Up out of your seats

To demonstrate how easy it is to spark a conversation online, Sharon put an opinion up on the projector. If we agreed strongly with the statement, we had to come to the front. The neutrals went in the middle (I heard someone mention they were "strongly neutral!") and those who disagreed went to the back. We then passed the microphone around to those who wanted to explain their permission.

It was kind of like an altar call (if you know what I mean, say amen!) in that it broke up the speaker/speakee relationship, and made everyone decide where they stood – literally!

The day before, Sharon had told me she didn’t think of herself as an expert. To my mind, that’s what makes her such an expert! Because she came from the same background as many in the room (marketers schooled in direct and database marketing), Sharon a) can relate intimately to her audience, and b) works extremely hard to grasp – and convey – the concepts of social media.

In our interview with Sharon , she said her three tags were interactive , enthusiastic and value-add . Sharon, that’s exactly what you gave us!

By the numbers

Next up, DraftFCB ’s Stephen Johnson blew us away with a) some sociological/psychological insights into social media, and b) the Orion software that he’s developed with DraftFCB.

Orion helps you visualise the key influencers in social media. In a cautionary tale, he showed us how the San Lu milk powder scandal was evolving on social media for months before the mainstream media got hold of it.

Stephen said many wise things – fellow speaker Jim Stewart called him a brainiac! – but my favourite was this:

"In the new digital economy a recommendation from a total stranger is entirely acceptable"

Ain’t that the truth.

Get Found

Jim Stewart took the stage next, giving what David Meerman Scott called the best presentation on Search Engine Optimisation he’s ever seen.

I tweeted the details of Jim’s presentation (you’ll have to trawl for them – don’t worry, you’ll learn lots). It was really interesting seeing how Jim’s perspective weaved into the perspective of the other speakers.

What do I mean? A lot of social media marketing comes from the PR discipline, where the measures are softer, and the emphasis is on good content and building relationships. SEO, on the other hand, comes from the world of direct marketing, where the measures are rock-hard, and the emphasis is on one thing: driving traffic.

In many ways, Jim echoed the key messages of the previous speakers, especially about creating great content, but he emphasised the SEO benefits of it.

For marketers, it’s reassuring that the same strategy -

  • creating great content,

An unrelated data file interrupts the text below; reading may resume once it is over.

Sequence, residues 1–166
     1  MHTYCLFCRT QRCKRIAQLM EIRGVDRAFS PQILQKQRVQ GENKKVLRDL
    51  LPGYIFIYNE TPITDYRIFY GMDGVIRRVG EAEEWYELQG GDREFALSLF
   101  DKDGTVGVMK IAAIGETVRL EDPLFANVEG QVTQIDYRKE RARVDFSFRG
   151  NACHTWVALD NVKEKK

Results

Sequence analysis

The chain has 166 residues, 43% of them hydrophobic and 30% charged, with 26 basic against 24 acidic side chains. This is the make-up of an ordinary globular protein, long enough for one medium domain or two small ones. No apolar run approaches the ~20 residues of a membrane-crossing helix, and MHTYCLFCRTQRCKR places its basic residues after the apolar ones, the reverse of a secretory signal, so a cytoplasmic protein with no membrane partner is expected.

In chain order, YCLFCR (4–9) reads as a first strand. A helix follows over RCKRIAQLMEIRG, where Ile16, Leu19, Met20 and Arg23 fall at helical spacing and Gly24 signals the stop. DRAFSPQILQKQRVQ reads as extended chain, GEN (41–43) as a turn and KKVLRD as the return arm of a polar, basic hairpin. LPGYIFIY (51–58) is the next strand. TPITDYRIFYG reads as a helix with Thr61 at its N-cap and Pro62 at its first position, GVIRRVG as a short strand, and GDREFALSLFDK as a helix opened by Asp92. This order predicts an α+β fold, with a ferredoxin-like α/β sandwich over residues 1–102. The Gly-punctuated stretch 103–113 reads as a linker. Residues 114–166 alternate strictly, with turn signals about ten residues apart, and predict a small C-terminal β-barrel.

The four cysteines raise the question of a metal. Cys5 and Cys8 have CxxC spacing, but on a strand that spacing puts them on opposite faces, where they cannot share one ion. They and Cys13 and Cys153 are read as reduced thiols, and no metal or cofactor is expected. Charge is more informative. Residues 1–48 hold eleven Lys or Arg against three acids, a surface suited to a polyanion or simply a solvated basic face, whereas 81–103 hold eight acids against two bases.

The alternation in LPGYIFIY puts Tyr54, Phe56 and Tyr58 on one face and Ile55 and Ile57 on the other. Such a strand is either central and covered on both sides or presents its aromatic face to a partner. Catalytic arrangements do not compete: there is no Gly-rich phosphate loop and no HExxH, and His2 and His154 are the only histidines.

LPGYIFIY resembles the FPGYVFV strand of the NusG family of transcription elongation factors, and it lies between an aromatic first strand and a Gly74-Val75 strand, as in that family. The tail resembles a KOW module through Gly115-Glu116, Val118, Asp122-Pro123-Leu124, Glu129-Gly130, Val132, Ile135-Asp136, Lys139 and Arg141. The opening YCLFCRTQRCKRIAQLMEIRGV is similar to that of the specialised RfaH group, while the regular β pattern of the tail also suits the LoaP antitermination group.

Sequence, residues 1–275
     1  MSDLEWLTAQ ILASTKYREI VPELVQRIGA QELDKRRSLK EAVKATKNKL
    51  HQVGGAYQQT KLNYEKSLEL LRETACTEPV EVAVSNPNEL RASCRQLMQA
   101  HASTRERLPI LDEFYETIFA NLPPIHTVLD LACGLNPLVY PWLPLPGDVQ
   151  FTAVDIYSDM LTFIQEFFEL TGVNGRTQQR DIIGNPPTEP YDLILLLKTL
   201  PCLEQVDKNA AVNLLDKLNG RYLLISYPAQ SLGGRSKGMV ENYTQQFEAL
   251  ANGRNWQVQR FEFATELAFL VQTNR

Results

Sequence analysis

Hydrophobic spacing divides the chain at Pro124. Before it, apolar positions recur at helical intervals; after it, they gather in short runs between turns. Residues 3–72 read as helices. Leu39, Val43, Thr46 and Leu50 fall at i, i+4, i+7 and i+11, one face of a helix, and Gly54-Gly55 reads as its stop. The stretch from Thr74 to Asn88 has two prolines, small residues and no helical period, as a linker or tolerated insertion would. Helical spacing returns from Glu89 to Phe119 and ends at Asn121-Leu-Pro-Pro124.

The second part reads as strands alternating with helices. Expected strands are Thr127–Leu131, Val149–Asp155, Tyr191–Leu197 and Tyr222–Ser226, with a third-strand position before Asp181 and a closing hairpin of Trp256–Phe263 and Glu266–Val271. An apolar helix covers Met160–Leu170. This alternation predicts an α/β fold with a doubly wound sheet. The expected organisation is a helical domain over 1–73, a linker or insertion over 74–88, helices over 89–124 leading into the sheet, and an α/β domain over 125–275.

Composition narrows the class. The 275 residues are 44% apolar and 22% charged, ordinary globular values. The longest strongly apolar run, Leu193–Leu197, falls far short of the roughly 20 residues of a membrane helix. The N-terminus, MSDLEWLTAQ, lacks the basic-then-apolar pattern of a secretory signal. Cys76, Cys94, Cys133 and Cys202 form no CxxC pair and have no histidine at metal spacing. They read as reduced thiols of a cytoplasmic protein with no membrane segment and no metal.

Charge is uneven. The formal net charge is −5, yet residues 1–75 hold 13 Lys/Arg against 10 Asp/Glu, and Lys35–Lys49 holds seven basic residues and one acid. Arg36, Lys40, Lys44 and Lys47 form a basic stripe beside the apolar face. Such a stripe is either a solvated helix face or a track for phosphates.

• building communities,
  • linking generously,
  • giving stuff away -

…leads to both good overall marketing results, and good search engine rankings.

That’s it for now. The Q&A session will warrant it’s own blog post! Coming soon.

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How to promote an event through social media

February 9th, 2009

As we’re gearing up to promote this Thursday’s Twestival and the Marketing Now Conference in April, I’ve been thinking about how best to get the word out about an upcoming event.

Here’s what I’m learning:

Add intimacy to reach and frequency.

Traditional media rely on reach (how many people hear your message) and frequency (how often they hear it). This gets a little annoying (like those TV ads you like the first 5 times, and hate thereafter).

Adding intimacy is something you could even do on traditional media, but few people do. It’s a sense of letting your audience in behind the scenes, so they know and are a part of the event, before it happens.

It could be as simple as me twittering: "Going to the printer’s to pick up the nametags for Thursday’s Twestival. I hope we don’t run out; we printed 100!"

This communicates a subtle reminder of the event, while also communicating other information (there will be nice printed nametags, there will be about 100 people – we hope!). It also lets the audience know what’s happening behind the scenes, and the live, real-time nature of Twitter/Social media somehow helps this.

Get your audience involved

If you’re running the event, maybe you can crowdsource suggestions on different aspects of the event.


  • Better ideas
  • A greater sense of involvement from those who have contributed ideas – and therefore greater likeliness that they’ll attend and encourage others to come.

Sometimes event organisers do this the old-fashioned way, through a competition. But instead of inviting the feedback of potential attendees, they just bribe their way through with a prize.

Sure there’s value in prizes and incentives, but sometimes as an event organiser you can offer great value, without paying a cent. Being heard is increasingly valuable in a busy world where the biggest dollars usually have the loudest voice.

Variations on a theme

Twitter promotion can be like radio advertising – you need to promote your event at different times of the day to reach different audiences. Yet some people will be on there all the time, and since they’re likely to be quite influential you do not want to annoy them.

What to do? Variations on a theme. In other words, don’t just tweet the same old message. Find all its different flavours, and explore them. Are there different speakers? Promote each one and the message they’ll be delivering.

Share your learnings

As you go, maybe write a blog post about … um, "how to promote an event through social media"!

How do you do it?

If you run and promote events, how do you use social media to promote your event? We’d love to see your comments below.